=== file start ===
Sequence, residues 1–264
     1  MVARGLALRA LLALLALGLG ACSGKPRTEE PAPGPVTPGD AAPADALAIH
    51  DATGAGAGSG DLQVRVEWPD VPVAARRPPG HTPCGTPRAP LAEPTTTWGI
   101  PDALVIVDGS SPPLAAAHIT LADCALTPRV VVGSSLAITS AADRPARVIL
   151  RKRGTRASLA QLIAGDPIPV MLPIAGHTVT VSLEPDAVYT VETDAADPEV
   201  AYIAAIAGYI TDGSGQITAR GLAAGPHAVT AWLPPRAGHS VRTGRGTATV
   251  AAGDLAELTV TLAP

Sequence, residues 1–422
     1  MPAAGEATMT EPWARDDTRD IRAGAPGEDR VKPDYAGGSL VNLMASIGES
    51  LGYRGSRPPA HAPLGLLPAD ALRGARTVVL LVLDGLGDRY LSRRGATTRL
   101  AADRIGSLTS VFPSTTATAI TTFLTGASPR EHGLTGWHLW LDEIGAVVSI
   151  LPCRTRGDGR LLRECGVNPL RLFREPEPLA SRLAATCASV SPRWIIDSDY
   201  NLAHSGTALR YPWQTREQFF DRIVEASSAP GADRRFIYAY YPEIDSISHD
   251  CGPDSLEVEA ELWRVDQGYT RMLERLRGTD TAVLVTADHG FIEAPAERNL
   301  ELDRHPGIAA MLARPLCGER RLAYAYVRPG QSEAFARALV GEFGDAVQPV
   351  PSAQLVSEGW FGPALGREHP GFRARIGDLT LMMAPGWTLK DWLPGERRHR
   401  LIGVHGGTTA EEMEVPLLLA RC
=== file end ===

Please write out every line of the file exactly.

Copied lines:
Sequence, residues 1–264
     1  MVARGLALRA LLALLALGLG ACSGKPRTEE PAPGPVTPGD AAPADALAIH
    51  DATGAGAGSG DLQVRVEWPD VPVAARRPPG HTPCGTPRAP LAEPTTTWGI
   101  PDALVIVDGS SPPLAAAHIT LADCALTPRV VVGSSLAITS AADRPARVIL
   151  RKRGTRASLA QLIAGDPIPV MLPIAGHTVT VSLEPDAVYT VETDAADPEV
   201  AYIAAIAGYI TDGSGQITAR GLAAGPHAVT AWLPPRAGHS VRTGRGTATV
   251  AAGDLAELTV TLAP

Sequence, residues 1–422
     1  MPAAGEATMT EPWARDDTRD IRAGAPGEDR VKPDYAGGSL VNLMASIGES
    51  LGYRGSRPPA HAPLGLLPAD ALRGARTVVL LVLDGLGDRY LSRRGATTRL
   101  AADRIGSLTS VFPSTTATAI TTFLTGASPR EHGLTGWHLW LDEIGAVVSI
   151  LPCRTRGDGR LLRECGVNPL RLFREPEPLA SRLAATCASV SPRWIIDSDY
   201  NLAHSGTALR YPWQTREQFF DRIVEASSAP GADRRFIYAY YPEIDSISHD
   251  CGPDSLEVEA ELWRVDQGYT RMLERLRGTD TAVLVTADHG FIEAPAERNL
   301  ELDRHPGIAA MLARPLCGER RLAYAYVRPG QSEAFARALV GEFGDAVQPV
   351  PSAQLVSEGW FGPALGREHP GFRARIGDLT LMMAPGWTLK DWLPGERRHR
   401  LIGVHGGTTA EEMEVPLLLA RC